Anne: When I see what my son in law went through, what my grandchildren went through so this is the way I see life and when my time comes I think I’ll be ready because when he wants us we have to be ready and if HE puts you to a test, because a lot of these things that we have to go through.
Nettie: I think it is really a test—don't you think?
Anne: Right—it is mostly a test because my husband had so many close shaves down the hill the brakes failed—coming with that truck and he went through Susquehanna, PA, and his brakes failed and if there was anybody in the way it would have killed a lot of people—but lucky no one was there—
Nettie: Thank GOD he was OK.
Anne: So, a a window fell once on Harry L. Drive, fell off the 2nd floor and it skimmed him by a half inch—he would have killed him right away.
Nettie: So when you see and go through these things—
Anne: You know someone upstairs is watching over you and you are so close and yet you are going on. I don’t know—
Nettie: Gee Ann, you have quite a few things—I know you could squeeze a few more recollections as I know you have a lot to tell me but can't think of them, at that time.
Anne: These are all true facts that happened—how quickly things can happen, that's why I pray. I pray every day that God’s will—that what happens you have to be happy and if you live that way—try to reason—you’ll think of that before you do something.
Nettie: Anne, do you remember any incidents when you were young—had gone to school—Russian school, etc.?
Anne: When I got my job in EJ I was scared—we were all there in the room—I think about 15 girls or so—all afraid—one day one of the girls said, “Why don’t you go in? Why don't you go in?” Finally I said—my heart is pounding—I said OK—”It’s me, ok, I’m going in.” I had everything I was going to say. So I came in there and Mr. Powell was there—he still lives at Ackley Ave. (I was talking fast) I said to Mr. Powell, "We have 9 children in the family, my father works in the tannery, he cannot afford to feed us so I have to get a job so I don’t know what I am going to do. Mr. Powell said, “You got the job.” So I went to EJ—I went on a stitching machine—I looked on the machine and 5 minutes later—I said, “I'm going home.”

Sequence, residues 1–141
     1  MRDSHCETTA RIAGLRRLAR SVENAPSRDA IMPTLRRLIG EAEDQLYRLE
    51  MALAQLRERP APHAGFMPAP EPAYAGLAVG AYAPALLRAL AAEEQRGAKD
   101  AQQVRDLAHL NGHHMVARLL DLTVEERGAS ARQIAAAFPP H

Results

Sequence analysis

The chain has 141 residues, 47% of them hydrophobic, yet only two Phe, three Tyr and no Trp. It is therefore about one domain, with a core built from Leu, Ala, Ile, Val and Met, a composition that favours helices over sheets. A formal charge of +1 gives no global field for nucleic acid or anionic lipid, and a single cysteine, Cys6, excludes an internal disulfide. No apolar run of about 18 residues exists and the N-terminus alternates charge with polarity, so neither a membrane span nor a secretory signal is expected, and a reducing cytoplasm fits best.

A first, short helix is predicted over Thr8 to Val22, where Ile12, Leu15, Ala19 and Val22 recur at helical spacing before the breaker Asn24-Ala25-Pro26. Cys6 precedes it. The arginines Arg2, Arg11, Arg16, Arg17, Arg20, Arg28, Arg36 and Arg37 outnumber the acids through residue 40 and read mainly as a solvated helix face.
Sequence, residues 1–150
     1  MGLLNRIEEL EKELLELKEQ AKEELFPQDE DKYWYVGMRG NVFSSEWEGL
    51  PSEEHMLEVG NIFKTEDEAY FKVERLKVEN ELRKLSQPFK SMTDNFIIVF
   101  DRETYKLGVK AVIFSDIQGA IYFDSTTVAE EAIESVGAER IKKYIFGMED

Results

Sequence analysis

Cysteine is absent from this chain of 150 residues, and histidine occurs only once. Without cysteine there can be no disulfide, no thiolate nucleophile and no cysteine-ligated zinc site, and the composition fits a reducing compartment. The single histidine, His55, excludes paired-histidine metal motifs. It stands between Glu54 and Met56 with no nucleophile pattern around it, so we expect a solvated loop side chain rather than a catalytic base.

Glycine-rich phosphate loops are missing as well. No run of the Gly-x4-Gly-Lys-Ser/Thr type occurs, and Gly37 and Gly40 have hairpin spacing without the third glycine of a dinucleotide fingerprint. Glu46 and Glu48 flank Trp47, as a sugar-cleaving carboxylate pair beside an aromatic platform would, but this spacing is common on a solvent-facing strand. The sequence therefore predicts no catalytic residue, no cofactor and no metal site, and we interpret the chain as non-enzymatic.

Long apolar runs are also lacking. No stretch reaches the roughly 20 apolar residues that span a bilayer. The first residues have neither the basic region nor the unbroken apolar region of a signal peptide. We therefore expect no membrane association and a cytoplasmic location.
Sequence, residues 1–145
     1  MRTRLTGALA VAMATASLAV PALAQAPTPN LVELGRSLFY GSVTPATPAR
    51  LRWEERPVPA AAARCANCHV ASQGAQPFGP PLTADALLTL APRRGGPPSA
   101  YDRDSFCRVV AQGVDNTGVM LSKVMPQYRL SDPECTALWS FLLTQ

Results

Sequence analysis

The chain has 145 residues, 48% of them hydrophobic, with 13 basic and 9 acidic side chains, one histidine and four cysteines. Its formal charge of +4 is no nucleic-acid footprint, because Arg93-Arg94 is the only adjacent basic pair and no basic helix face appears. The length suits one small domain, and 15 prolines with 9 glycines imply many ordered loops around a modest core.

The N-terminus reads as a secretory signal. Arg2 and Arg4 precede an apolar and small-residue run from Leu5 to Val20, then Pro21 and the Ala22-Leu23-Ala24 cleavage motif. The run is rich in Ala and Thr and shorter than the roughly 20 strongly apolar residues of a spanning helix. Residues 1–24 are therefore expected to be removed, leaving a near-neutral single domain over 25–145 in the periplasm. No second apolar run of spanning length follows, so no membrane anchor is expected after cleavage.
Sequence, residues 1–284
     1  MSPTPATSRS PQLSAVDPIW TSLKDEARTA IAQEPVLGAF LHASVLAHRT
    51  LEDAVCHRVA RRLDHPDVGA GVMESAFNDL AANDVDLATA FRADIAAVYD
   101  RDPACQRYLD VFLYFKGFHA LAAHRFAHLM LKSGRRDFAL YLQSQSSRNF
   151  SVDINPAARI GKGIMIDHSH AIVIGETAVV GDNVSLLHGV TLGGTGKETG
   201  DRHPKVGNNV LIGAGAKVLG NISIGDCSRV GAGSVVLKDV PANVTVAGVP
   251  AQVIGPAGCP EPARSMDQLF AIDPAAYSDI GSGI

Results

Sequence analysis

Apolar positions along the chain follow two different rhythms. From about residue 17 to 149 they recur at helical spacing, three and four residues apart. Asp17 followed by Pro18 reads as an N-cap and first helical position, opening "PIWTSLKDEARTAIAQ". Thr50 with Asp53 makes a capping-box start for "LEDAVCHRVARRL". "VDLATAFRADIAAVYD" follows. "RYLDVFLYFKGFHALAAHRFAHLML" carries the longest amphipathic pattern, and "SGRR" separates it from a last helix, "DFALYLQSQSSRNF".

Nettie: Oh come on—you could do that.
Anne: Well, I did it, I cut a couple of coupons off—the ladies helped me—they were very nice—they gave me the fancy stitch—where I stitched two pieces together to make a shoe. Well, when you saw two pieces together one side is going to be longer—I didn't know the difference—I just cut the bottom off—I couldn’t imagine what the next operation was—I wasn't working there too long—they didn't want to tell me but that was the reason they let me go. Then I worked in another place and I had to make belts—I had to turn the belt inside out, you know what you were going to have—I poked the hole on the other end—I didn't know about what to do there—so then I didn’t stay too long there—I quit. Them kind of jobs were not for me—they
were piecework—and I said, “if I get a job of piecework it's going to be on my own work—what I want do on my own. Finally I got the job at the tag department. I had to do proofreading—I liked it—no pressure—that's where I enjoyed it—that's where I quit from. At my age I think I had it—but EJ was all right—I liked it at the end. And when I was coming home I was crying—as I really enjoyed working there.
Nettie: After being at home all these years—raising the children—and get a work outside you enjoy it—figure you fulfilled your job at home and now you are going—
Anne: My husband wanted to quit because he wanted to go to Florida with him so I told him I’d do anything he wanted to—so I quit. And I cried all the way, missed the girls—and left everybody I liked.
Nettie: This was when your husband retired and you retired.
Anne: After a month we went to the cafeteria in IBM, the man—asked if you like retirement—no—and he went back to work on his old job and after three months—he said, “No—I'm going to retire.” Nobody ever got that because he got the first check—he was jealous of the job of garbage man because he always worked—he was hardworking—he couldn’t see sitting home when I was working. So I have to quit—because I don’t know what would happen—so he told me to quit—now we both retired and living the life of riley and enjoy everything and everyday cause you don’t know when the last day will be.
Nettie: Well, Anne, this was interesting—and thank you very much.